Cloth $29.00 ISBN: 9780226697246 Will Publish September 2020
E-book $29.00 Available for pre-order. ISBN: 9780226697383 Will Publish September 2020

The Chemical Age

How Chemists Fought Famine and Disease, Killed Millions, and Changed Our Relationship with the Earth

Frank A. von Hippel

The Chemical Age

Frank A. von Hippel

368 pages | 28 halftones | 6 x 9 | © 2020
Cloth $29.00 ISBN: 9780226697246 Will Publish September 2020
E-book $29.00 ISBN: 9780226697383 Will Publish September 2020
For thousands of years, we’ve found ways to scorch, scour, and sterilize our surroundings to make them safer. Sometimes these methods are wonderfully effective. Often, however, they come with catastrophic consequences—consequences that aren’t typically understood for generations.
 
The Chemical Age tells the captivating story of the scientists who waged war on famine and disease with chemistry. With depth and verve, Frank A. von Hippel explores humanity’s uneasy coexistence with pests, and how their existence, and the battles to exterminate them, have shaped our modern world. Beginning with the potato blight tragedy of the 1840s, which led scientists on an urgent mission to prevent famine using pesticides, von Hippel traces the history of pesticide use to the 1960s, when Rachel Carson’s Silent Spring revealed that those same chemicals were insidiously damaging our health and driving species toward extinction. Telling the story of these pesticides in vivid detail, von Hippel showcases the thrills and complex consequences of scientific discovery. He describes the invention of substances that could protect crops, the emergence of our understanding of the way diseases spread, the creation of chemicals used to kill pests and people, and, finally, how scientists turned those wartime chemicals on the landscape at a massive scale, prompting the vital environmental movement that continues today.
 
The Chemical Age is a dynamic, sweeping history that exposes how humankind’s affinity for pesticides made the modern world possible—while also threatening its essential fabric.
Contents
Prologue
Author’s Note

Part 1: Famine

Chapter 1. Potato Blight (1586–1883)

Part 2: Plague

Chapter 2. Marsh Fever (2700 BCE–1902)
Chapter 3. Black Vomit (1793–1953)
Chapter 4. Jail Fever (1489–1958)
Chapter 5. Black Death (541–1922)

Part 3: War

Chapter 6. Synthetic Chemicals of War (423 BCE–1920)
Chapter 7. Zyklon (1917–1947)
Chapter 8. DDT (1939–1950)
Chapter 9. I. G. Farben (1916–1959)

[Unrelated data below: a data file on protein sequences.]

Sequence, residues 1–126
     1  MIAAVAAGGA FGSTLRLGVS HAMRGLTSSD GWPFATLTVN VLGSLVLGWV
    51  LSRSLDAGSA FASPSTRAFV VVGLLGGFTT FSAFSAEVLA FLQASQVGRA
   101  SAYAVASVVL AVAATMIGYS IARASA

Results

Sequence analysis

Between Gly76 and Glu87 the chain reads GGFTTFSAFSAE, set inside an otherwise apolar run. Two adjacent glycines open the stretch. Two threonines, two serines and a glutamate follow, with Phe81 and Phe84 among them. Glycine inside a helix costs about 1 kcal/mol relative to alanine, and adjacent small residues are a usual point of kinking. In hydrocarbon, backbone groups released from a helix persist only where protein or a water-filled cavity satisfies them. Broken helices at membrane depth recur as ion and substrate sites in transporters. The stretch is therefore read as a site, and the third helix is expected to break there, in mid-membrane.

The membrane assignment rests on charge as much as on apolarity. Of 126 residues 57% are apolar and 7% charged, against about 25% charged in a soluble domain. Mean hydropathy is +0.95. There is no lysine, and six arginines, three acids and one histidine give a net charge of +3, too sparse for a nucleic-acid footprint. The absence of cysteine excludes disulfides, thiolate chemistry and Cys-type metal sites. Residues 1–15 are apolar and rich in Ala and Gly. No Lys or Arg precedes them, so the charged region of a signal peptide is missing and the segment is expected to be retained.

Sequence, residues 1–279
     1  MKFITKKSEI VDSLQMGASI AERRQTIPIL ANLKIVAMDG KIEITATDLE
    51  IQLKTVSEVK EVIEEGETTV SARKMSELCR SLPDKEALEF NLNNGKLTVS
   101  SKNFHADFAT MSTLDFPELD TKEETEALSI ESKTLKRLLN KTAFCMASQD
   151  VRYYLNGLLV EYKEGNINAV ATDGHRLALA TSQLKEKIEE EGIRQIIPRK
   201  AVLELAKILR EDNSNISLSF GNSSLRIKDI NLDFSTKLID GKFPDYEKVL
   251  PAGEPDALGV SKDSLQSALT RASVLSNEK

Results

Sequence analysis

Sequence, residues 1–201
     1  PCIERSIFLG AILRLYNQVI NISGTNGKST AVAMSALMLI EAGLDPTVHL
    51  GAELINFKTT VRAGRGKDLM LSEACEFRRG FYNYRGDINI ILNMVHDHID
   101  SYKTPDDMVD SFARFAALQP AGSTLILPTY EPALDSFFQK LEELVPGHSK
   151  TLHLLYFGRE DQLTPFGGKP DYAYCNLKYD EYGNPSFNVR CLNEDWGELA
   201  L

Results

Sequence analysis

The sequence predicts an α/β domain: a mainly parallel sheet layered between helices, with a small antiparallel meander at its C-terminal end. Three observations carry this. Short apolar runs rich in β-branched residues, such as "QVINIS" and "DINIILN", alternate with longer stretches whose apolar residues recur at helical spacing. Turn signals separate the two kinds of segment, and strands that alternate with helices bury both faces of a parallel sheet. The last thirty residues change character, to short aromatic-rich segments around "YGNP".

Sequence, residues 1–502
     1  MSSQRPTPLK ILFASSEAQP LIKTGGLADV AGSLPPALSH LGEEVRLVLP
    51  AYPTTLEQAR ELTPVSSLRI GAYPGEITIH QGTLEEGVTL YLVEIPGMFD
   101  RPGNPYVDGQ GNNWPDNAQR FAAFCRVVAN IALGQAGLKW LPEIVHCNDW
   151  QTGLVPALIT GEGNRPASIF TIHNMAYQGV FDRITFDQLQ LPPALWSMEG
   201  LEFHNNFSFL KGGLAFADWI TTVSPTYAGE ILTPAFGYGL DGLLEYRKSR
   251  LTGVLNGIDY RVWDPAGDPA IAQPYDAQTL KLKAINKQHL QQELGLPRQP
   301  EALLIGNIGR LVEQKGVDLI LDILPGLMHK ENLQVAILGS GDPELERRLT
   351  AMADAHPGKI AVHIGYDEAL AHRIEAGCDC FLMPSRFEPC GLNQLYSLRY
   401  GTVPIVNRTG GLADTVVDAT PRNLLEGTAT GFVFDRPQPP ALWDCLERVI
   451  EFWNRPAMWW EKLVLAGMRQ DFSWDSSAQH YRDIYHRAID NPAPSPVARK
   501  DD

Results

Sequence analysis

Part 4: Ecology

Chapter 10. Resistance (1945–1962)
Chapter 11. Silent Spring (1962–1964)
Chapter 12. Wonder and Humility (1962–The Future)

Epilogue
 
Acknowledgments
Map of Place Names
Literature Cited
Index
Review Quotes
Library Journal
“Hippel’s leisurely and wide-ranging history will raise readers’ awareness about the power of toxic chemical compounds introduced into our environment.”
New Scientist
"Reveals that while the chemical industry has averted famines and vanquished diseases, it has also driven countless species towards extinction."
Thomas E. Lovejoy, coeditor of Biodiversity and Climate Change: Transforming the Biosphere
“A superbly written and riveting account of scientific myopia: the employment of chemistry to solve major problems while doggedly oblivious to the consequent ravages those solutions cast upon life on earth. Destined to be a classic, this would top the fiction bestseller list, except it is solid truth. The Chemical Age should be required reading for everyone.”
McKay Jenkins, author of Food Fight: GMOs and the Future of the American Diet
“Our love affair with industrial chemicals may have heroic origins, but it also has Promethean consequences that we are only beginning to fully comprehend. The Chemical Age is an essential addition to this comprehension, and a delightful mix of deep research and vivid anecdotal storytelling.”
David Kinkela, author of DDT and the American Century: Global Health, Environmental Politics, and th
The Chemical Age is a vital and refreshing synthesis of public health, agricultural development, war, and pesticide history. With crisp writing, von Hippel draws from an impressive breadth of sources to tell a revealing and truly thought-provoking story.”
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